The Dark Herald Recommends: Resident AlienThe Dark Herald
Just the right amount of cringe.
It’s almost impossible to do.
Remember when SyFy Channel was The Sci-Fi Channel and it didn’t suck? No, I’m not joking there really was a time that that was a thing. I admit you have to go back a ways to find that time. Fifteen years is a decent medium for when the Sci-Fi channel was at its peak. On Friday nights you would have Battlestar Galactica (when it didn’t suck), Doctor Who (when it really didn’t suck), and Stargate SG-1 (which never really sucked unless you count SG Universe).
Sci-Fi was on something of a comeback trail. At the turn of the century, it had had Stargate and Farscape. Plus, they had their own, not too shabby version of Dune and a few of its sequels. Then disaster struck in the form of Barry Dillar who became the head of Universal and hates science fiction. Farscape was absolutely destroyed in the rating by reruns of Star Trek the Next Generation when it first went into syndication. Consequently, Dillar ordered Farscape canceled and had those funds used to buy up the syndication rights to X-Files. Mulder and Scully had been pretty hot in the early 1990s but they had long since worn out their welcome by the time the show retired.
It was a huge mistake and nearly sank Sci Fi.
But Bonnie Hammer managed to bring the channel back from the edge of the cliff with the “Characters Welcome” rebranding. Sci-Fi and USA networks became known for their wacky or deeply layered but always memorable, characters.
That is what Resident Alien reminds me of, the characters of the mid-2000s Sci-Fi Channel. That’s what this show brings to the party more than anything else. A collection of really good characters… On a not terribly huge budget. It’s like mid-2000s Sci-Fi Channel in that regard too.
Resident Alien stars Alan Tudyk as the Alien, we never do find out his proper name but everyone in town calls him, Harry so, I’ll go with that.
And Harry is here to kill us all.
That is Harry’s mission, the genocide of the Human Race. So, not really E.T. Harry is a lot closer to a 1950s Bug-Eyed Monster. When Harry was getting ready to drop the MacGuffin bomb on Earth a bolt of lightning hit his ship and broke off the weapon pod somewhere in the mountains of Colorado.
Harry landed and had to find a way to blend in with us monkey-boys until he could find the MacGuffin Device and kill us. Then he could go home.
He found a cabin inhabited by Doctor Harry Vanderspeigle (Tudyk in a dual role). Vanderspeigle panics and hits the alien in the face with a fireplace poker. The alien kills him and throws his body in the lake.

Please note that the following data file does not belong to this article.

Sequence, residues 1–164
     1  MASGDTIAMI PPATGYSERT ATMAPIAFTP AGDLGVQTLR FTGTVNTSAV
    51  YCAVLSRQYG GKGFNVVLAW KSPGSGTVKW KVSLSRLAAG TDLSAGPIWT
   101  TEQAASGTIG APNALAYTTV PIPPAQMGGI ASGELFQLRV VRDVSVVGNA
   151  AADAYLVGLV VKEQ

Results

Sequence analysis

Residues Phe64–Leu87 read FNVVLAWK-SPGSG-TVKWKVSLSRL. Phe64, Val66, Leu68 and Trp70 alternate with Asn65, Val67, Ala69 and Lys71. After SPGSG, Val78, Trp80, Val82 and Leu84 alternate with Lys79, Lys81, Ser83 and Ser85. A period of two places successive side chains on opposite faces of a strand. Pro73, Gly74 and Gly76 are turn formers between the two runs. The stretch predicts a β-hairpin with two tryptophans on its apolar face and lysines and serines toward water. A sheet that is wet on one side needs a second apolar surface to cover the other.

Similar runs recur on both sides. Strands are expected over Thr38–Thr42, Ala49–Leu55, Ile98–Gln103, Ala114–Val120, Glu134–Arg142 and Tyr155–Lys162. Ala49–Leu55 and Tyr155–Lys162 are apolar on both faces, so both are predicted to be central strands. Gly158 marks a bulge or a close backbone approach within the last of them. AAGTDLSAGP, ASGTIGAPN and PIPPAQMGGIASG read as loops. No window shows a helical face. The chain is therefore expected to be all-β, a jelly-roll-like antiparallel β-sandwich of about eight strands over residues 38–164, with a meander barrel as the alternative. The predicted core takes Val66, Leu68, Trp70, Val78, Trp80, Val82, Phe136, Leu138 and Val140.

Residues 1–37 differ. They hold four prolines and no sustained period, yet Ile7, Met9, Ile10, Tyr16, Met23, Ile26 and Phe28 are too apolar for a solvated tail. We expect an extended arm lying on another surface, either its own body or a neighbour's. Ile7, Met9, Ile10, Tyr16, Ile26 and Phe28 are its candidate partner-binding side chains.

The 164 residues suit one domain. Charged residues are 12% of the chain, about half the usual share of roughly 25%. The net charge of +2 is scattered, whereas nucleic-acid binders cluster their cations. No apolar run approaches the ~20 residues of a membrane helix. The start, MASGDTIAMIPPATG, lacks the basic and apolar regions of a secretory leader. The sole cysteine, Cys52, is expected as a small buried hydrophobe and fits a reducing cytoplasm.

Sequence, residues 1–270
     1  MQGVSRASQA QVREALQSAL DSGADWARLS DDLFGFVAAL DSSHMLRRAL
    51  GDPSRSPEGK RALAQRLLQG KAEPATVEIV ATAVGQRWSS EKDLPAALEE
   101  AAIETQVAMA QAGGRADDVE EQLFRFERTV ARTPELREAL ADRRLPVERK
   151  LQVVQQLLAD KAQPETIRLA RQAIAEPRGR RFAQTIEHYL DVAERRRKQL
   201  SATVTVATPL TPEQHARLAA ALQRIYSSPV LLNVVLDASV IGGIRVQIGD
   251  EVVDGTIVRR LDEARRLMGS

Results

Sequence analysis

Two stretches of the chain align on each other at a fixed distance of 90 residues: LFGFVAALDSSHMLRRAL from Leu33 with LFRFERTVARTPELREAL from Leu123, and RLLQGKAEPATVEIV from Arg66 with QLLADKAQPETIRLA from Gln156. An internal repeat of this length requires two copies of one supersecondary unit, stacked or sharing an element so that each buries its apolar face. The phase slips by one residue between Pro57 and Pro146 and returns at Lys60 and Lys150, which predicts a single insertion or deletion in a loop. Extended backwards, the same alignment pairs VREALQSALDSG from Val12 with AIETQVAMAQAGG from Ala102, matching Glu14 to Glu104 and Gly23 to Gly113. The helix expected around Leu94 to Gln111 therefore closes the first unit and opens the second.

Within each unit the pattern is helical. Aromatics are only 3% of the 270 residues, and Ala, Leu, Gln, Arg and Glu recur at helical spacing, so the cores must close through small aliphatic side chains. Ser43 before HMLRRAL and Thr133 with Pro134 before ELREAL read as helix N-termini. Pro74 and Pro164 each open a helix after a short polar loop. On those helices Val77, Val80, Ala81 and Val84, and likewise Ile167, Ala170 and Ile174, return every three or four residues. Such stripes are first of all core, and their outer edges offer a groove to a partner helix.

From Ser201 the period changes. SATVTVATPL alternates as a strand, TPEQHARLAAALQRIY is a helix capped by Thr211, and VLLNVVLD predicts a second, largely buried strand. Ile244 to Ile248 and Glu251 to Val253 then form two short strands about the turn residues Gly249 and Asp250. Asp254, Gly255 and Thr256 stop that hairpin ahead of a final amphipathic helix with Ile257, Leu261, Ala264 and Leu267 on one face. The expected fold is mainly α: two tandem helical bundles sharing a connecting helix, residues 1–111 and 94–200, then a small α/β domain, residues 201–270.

Did I mention this was a comedy? Yeah, it’s a comedy.
Here is a clip of the first seven minutes of the show.
The big thing about this show is that it manages several really good balancing acts. It manages to consistently push things “just enough.” What do I mean by that? Well, let’s take the aforementioned incident. The Alien is the show’s point of view protagonist. This automatically gives him a certain degree of sympathy from the audience, but the writers needed to demonstrate that is not yogurt munching hyper-advanced Vulcan-like extra-terrestrial. Killing a man shows that, but the Alien didn’t kill Vanderspiegle until after he was struck by the man with a fireplace poker. Yes, he over responded to the attack but he didn’t start it.
The “just enough” thing is prevalent throughout the first season of this show. Harry the Alien is obviously going through a fish out of the story. He turns himself into a duplicate of the man he killed right down to the DNA and learns English by bingeing NCIS. Since he is an alien Harry frequently puts himself in very cringe situations.
Here I am defining cringe as “embarrassment felt for another.” Cringe is a very uncomfortable emotion. Psychology studies consistently indicate that most people find cringe far more disagreeable than they do personal embarrassment.
And cringe is super easy to get completely wrong. I can’t stand Ricky Gervais; he consistently pushes cringe over the edge. It’s like he revels in the revulsion his audiences feel for him because ultimately, they are the ones that are hurt by his self-degradation. Cringe is incredibly unpleasant to experience. And it is probably why Gammas get picked on so much in high school.
But just the right amount of cringe can be incredibly funny and trust me it is. There is several factors at work. Part of it is that Harry is fundamentally incapable of feeling embarrassment himself. Additionally, there is the reaction of the people around him.
Also, the show likes to push the boundaries just a bit. There is a little boy in town named Max who is the only one who can see that Harry is actually an alien. When Harry gets drunk for the first time in his life, he announces to himself. “The answer is simple. It’s night so, I will just break into that kid’s house and kill him. I’ll say one thing about whiskey. It’s allowing me to make smart, rational decisions.”
Trust me, it’s a lot funnier when Tudyk says it.
The show has Woke casting but it actually makes sense given that the show takes place in a mining town, turned minor league ski resort in Colorado. The only real question mark is over Max’s Muslim friend who is a girl but since she isn’t right all time I was able to stomach it.
Harry becomes the town doctor when the old town doctor is murdered. This forces him to deal with just about everyone in town whether he wants to or not. The show is of course about Harry coming to grips with being a human and learning why killing us all off, while understandable to a certain degree, is nonetheless a fundamentally bad idea.
Resident Alien is available on SyFy’s website with commercials. Amazon, if you are willing to pay for it. And finally, Peacock for free if you cancel the free trial fast enough.
The Dark Herald Recommends with Enthusiasm.